The Sacred Meets the Profane as the Pope Enters World of Twitter
ITHACA, NY — Just as the religious realm has its own rites of passage, one of the world’s spiritual leaders has made a rite of passage in the realm of technology. Rachel Wagner, an expert on the intersections between religion and virtual reality, says that Pope Benedict is entering the profane world of social media by issuing his first tweet.
“The Pope has always been a sacred mouthpiece when writing missives, when speaking before crowds, even when having his image recorded and disseminated on film,” says Wagner. “His moral pronouncements now appear within the profane Twitter stream as well, digitally baptizing it.”
An associate professor of philosophy and religion at Ithaca College, Wagner is the author of the book “Godwired: Religion, Ritual and Virtual Reality” and is a regular contributor to the online journal Religion Dispatches.
The head of the Catholic Church made his first tweet on December 12, on his personal #AskPontifex Twitter account. He has already gained over one million followers since the Vatican announced that he would be tweeting — Lady Gaga is currently tops on Twitter, with over 32 million followers.
Wagner points out that the embrace of technology by religious leaders has itself become a media and ritual event in the 21st century. “The Pope having his own Twitter account is just another step in the ritual of technological sanctification. Like everyone else, of course, he is subject to the rules of the software; he’ll have to limit his holy teaching to 140 characters per tweet and thus the message itself will be shaped by this transformation.”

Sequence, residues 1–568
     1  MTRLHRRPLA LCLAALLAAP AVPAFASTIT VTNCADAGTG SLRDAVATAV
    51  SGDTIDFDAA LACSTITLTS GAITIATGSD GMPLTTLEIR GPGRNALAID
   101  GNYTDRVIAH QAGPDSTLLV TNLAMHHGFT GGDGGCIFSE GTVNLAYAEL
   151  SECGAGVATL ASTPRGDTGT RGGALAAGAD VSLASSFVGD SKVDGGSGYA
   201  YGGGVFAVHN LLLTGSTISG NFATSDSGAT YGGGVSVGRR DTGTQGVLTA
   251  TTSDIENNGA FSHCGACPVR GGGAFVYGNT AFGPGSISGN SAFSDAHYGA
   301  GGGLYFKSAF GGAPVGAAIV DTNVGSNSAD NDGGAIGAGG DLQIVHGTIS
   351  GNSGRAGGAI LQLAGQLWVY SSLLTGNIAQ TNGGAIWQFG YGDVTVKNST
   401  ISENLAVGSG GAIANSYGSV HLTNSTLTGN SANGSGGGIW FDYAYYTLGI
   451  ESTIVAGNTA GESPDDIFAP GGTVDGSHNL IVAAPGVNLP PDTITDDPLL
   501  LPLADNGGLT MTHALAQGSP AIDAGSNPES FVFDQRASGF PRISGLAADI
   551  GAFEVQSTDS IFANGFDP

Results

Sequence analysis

Benedict had launched pre-approved tweets on other Vatican Twitter accounts since 2010, but this was the first time he has used his new personal account. He will initially tweet only on Wednesdays, the same day he holds his weekly public audience at the Vatican, and will answer selected questions tweeted by his followers.
Wagner’s research suggests that while our engagement with virtual reality can be viewed as a form of religious activity, today’s virtual religion marks a radical departure from traditional religious practice — it is ephemeral, rapid, disposable, hyper-individualized and in an ongoing state of flux.
She says those who use the AskPontifex hashtag will experience the feeling of communicating with the Pope, even if he doesn’t respond directly to their personal tweet. “In practice, of course, this doesn't really change the power structure of dissemination of church teaching from the top down, but it gestures toward interactivity in a way that will be appealing to today’s hyperwired followers.”
Wagner serves on the editorial board of the Journal of Religion and Film and as cochair of the Religion, Film, and Visual Culture Group of the American Academy of Religion. She has made presentations at the International Digital Religion Conference and the International Conference on Media, Religion, and Culture, among other organizations.